Lumpy, bumpy Sumo Citrus® is quite possibly our favorite citrus fruit. Originally developed in Japan, this unique mandarin hybrid has only been available in the US in the last decade. Sumo Citrus is deliciously sweet and incredibly easy to peel, as the fruit has already begun to separate from the skin.
Thereof, is it OK for oranges to have bumps on them?
M.H. Answer: Your orange tree has scab, a fungus disease often seen in Florida. The good news is that scab is not terribly harmful to the tree or the fruit but is mostly cosmetic. It shouldn’t affect the interior quality of the fruit.
Also know, how do you know if oranges are bad?
How To Tell If Oranges Are Bad?
- Visual changes. Minor discolorations or the rind (dots, etc.) are alright, but if the fruit develops mold, discard it.
- Texture alterations. If the fruit looks okay, give it a gentle squeeze. …
- Off smell. If the orange has lost its citrusy smell and smells off (or funny), throw it out.
What causes citrus scab?
Scab is caused by the fungus Elsinoe fawcettii. Citrus scab attacks the fruit, leaves and twigs, producing slightly raised, irregular scabby or wart- like outgrowths.
A seedless, sweet tangerine named after its bright orange, slightly bumpy rind. This hybrid is a cross between two noncommercial tangerine varieties: the Wilking and Kincy, by the University of California at Riverside. The Gold Nugget™ is a great juicer, averaging a 50% juice content.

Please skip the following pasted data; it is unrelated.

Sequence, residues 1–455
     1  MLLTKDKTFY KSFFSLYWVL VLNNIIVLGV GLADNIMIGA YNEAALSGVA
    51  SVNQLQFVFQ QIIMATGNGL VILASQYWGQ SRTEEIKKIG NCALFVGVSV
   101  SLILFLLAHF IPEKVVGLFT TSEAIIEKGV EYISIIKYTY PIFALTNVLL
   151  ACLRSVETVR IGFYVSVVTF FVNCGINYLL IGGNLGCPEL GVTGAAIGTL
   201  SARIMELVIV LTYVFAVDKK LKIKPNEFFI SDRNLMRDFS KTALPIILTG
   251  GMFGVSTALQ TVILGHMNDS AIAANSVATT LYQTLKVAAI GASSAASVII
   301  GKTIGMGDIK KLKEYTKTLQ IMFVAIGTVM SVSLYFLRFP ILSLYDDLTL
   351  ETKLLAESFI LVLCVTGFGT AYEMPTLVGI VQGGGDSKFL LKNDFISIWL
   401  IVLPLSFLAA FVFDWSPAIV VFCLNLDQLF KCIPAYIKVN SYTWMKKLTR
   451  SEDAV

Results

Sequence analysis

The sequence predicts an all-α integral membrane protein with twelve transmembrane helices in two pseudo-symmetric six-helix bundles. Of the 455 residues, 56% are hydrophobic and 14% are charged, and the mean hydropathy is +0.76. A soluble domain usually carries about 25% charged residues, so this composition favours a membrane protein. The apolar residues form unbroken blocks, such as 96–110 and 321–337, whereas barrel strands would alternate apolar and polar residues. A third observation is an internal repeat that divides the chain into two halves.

Work With the Pith. Most people avoid the pith — the stringy, spongy white part between the peel and the fruit — because it tastes bitter. But the pith is full of calcium, fiber, vitamin C, and immune-boosting flavonoids. Throw the pith in a smoothie to hide the flavor but get all the benefits.
Next time you snack on an orange and eat a bit of the pith, don’t worry; this natural part of the fruit is edible and good for you.
Fruit Season Calendar
Navel oranges are ready for harvest from November to June. Valencia oranges are ready in March into October. Cara Cara oranges ripen from December through May. Clementine oranges are ready in October as are Satsuma until December or January.
They’re seedless, with a sweet, meaty flesh, making them ideal for snacking. California navel oranges usually arrive at grocers in November and late varieties are available through June. In the peak months – February, March and April – California navels are at their very sweetest.